Keywords: Compulsory schooling, Educational reform, Drop-out, Graduation, Italy
    JEL: D04 I24 I28
    Date: 2017–10
  11. By: Robert Willans (Bradford Teaching Hospitals NHS Foundation Trust); Silviya Nikolova (Academic Unit of Health Economics, Leeds Institute of Health Sciences, University of Leeds); Claire Hulme (Academic Unit of Health Economics, Leeds Institute of Health Sciences, University of Leeds); Ranjit Lall (Warwick Clinical Trials Unit, University of Warwick); Tom Quinn (Faculty of Health, Social Care and Education, Kingston University London and St.George’s University of London); Gavin Perkins (Warwick Clinical Trials Unit, University of Warwick; Heart of England, NHS Foundation Trust)
    Abstract: Objective To understand the demographic, health and healthcare (HC) use profile of patients who experience an out-of-hospital cardiac arrest (OHCA) in England and Wales between April 2010 and June 2013. The association with 24-hour survival was studied as a secondary objective. Methods The Paramedic study is a trial which collected information on 4471 patients with out-of-hospital cardiac arrest (OHCA). Trial data was linked to Hospital Episode Statistics (HES), administrative data covering the trial period. Multivariate survival analysis was used to quantify the impact of identified risk predictors. Results Healthcare use increases in the years leading up to a cardiac arrest with the profile of this increase differing depending on age and overall healthcare resource utilisation of the patient. Patients who are older than 60 were found to have 2.35 fold increase in the probability of not surviving OHCA. However, older patients with medium and high healthcare resource use have higher chances of surviving OHCA event (decrease in mortality risk of 67% and 70% respectively). A diagnosis of dementia carries a 3.1 fold increase in mortality risk. Conclusions Routinely collected administrative hospital data may be used to identify patients at risk of OHCA and thus may help decrease cardiovascular mortality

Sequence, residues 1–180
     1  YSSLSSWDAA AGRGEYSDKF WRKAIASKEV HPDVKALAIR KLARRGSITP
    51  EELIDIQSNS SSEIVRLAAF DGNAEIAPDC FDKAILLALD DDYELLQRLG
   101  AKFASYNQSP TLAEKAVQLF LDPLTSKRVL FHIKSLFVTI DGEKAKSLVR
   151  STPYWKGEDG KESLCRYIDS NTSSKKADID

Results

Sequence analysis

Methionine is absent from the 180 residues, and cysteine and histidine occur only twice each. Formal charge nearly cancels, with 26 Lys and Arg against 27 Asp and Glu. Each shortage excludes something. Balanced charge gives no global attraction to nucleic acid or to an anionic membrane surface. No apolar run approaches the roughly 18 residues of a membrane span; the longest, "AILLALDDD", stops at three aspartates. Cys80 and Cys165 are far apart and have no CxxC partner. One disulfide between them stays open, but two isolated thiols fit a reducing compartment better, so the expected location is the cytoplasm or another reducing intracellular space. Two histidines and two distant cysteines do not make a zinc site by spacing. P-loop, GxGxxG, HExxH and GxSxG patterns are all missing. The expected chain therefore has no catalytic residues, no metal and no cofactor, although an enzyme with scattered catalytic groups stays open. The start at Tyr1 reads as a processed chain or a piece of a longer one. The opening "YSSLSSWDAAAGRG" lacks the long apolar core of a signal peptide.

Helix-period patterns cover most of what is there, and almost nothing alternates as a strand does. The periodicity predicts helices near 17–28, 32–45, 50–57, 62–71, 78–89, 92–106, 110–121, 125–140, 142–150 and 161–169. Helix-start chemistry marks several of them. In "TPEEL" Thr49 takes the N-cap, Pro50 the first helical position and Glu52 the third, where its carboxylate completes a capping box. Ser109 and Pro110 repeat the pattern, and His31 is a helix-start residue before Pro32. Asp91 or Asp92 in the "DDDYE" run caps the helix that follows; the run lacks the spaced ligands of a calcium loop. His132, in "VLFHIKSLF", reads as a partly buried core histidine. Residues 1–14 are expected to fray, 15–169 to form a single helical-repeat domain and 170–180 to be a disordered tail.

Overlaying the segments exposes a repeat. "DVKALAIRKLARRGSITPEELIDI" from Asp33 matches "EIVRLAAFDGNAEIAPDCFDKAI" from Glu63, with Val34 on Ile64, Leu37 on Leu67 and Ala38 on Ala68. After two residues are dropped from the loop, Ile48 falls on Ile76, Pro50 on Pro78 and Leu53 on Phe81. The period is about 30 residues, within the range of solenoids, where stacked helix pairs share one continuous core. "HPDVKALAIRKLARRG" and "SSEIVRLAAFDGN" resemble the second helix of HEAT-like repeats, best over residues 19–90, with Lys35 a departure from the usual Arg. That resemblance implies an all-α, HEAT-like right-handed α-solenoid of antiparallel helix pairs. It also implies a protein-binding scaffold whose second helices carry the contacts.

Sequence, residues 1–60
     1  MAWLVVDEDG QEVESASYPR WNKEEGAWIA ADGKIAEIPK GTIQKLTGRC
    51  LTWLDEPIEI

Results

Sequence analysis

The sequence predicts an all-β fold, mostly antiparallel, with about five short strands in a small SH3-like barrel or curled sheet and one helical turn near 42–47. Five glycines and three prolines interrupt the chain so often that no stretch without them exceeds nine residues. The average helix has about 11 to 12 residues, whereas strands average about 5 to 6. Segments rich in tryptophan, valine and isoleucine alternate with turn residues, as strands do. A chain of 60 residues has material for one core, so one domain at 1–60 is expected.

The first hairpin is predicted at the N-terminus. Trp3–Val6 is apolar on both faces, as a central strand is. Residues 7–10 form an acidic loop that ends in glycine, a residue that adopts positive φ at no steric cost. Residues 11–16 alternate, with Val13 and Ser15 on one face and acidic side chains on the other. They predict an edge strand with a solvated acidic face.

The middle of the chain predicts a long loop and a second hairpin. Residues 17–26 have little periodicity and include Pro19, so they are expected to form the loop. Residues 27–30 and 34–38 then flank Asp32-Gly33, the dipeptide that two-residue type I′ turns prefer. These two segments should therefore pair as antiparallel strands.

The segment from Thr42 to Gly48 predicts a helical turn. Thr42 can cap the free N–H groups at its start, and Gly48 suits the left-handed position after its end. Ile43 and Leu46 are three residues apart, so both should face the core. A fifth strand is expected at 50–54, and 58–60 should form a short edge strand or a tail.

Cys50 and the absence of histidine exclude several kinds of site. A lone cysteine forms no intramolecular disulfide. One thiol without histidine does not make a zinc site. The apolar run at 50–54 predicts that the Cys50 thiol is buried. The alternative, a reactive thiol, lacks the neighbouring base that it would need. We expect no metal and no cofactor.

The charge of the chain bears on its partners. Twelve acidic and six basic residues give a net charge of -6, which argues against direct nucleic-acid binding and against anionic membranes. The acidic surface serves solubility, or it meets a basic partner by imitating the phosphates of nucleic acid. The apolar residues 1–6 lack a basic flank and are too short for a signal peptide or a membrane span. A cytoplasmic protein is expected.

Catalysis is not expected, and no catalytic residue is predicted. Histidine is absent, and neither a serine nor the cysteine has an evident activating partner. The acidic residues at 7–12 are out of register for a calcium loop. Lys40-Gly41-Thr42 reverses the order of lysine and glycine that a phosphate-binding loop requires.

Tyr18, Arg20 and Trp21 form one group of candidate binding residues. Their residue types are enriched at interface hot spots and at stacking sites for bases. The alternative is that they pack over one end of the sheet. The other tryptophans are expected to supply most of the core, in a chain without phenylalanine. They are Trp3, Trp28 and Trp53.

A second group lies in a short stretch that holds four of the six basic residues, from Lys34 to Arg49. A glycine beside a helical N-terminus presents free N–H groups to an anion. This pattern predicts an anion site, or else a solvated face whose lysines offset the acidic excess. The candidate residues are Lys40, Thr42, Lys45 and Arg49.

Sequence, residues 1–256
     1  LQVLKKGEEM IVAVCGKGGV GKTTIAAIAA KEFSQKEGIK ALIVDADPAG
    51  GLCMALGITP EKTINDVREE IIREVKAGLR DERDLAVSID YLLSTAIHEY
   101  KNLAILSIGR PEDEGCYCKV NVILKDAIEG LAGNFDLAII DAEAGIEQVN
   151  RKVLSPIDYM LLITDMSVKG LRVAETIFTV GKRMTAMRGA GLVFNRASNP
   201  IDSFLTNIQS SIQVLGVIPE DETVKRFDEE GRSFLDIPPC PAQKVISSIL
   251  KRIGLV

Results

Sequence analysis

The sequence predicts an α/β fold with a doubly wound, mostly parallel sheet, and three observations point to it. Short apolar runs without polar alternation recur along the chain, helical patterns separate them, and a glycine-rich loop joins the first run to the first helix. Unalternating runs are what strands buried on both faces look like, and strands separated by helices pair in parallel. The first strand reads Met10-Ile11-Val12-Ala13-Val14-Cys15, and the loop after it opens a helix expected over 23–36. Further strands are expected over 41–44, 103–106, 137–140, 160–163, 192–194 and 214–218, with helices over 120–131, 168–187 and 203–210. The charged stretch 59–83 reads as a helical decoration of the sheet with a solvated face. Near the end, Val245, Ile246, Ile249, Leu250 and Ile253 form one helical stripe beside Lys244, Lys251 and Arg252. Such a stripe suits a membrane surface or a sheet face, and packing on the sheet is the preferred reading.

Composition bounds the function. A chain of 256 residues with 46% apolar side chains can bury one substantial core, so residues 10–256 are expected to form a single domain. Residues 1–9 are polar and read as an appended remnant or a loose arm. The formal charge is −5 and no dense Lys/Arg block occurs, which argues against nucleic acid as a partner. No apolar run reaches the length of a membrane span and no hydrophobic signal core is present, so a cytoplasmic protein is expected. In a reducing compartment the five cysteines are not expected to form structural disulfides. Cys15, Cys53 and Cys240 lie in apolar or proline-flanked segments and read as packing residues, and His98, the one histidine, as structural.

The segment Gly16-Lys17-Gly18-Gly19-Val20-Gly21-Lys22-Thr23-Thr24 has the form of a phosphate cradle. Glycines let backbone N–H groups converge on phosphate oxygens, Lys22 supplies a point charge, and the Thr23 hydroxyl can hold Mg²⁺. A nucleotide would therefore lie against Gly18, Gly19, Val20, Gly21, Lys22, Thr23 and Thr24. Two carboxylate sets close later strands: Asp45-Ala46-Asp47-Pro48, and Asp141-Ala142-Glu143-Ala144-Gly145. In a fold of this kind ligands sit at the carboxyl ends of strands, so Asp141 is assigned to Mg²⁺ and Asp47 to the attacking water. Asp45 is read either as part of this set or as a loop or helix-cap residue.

Keywords: OHCA, survival, predictors, healthcare use, health
    JEL: I1
    Date: 2018
  12. By: Fu, Kun (Loughborough University London); Larsson, Anne-Sophie (The Ratio Institute); Wennberg, Karl (Linköping University and the Ratio Institute)
    Abstract: We investigate the impact of country-level labour market regulations on the re-entry decision of experienced entrepreneurs, whereby they become habitual entrepreneurs. Multilevel logit models on entry decisions among 15,709 individuals in 29 European countries show that labour market regulations have a positive influence on the decision to re-enter into entrepreneurship. This positive impact is stronger among individuals holding wage jobs at the time of re-entry compared to those that do not. Our results indicate that novice and habitual entrepreneurs may respond very differently to labour market rigidity. We discuss and provide tentative explanations for these differences, and outline potential policy implications.
    Keywords: Habitual entrepreneurship; employment; labour market rigidity; institutional context; multilevel modelling
    JEL: J24 J41 K31 L26
    Date: 2017–12–15

This nep-law issue is ©2018 by Eve-Angeline Lambert. It is provided as is without any express or implied warranty. It may be freely redistributed in whole or in part for any purpose. If distributed in part, please include this notice.
General information on the NEP project can be found at For comments please write to the director of NEP, Marco Novarese at <>. Put “NEP” in the subject, otherwise your mail may be rejected.
NEP’s infrastructure is sponsored by the School of Economics and Finance of Massey University in New Zealand.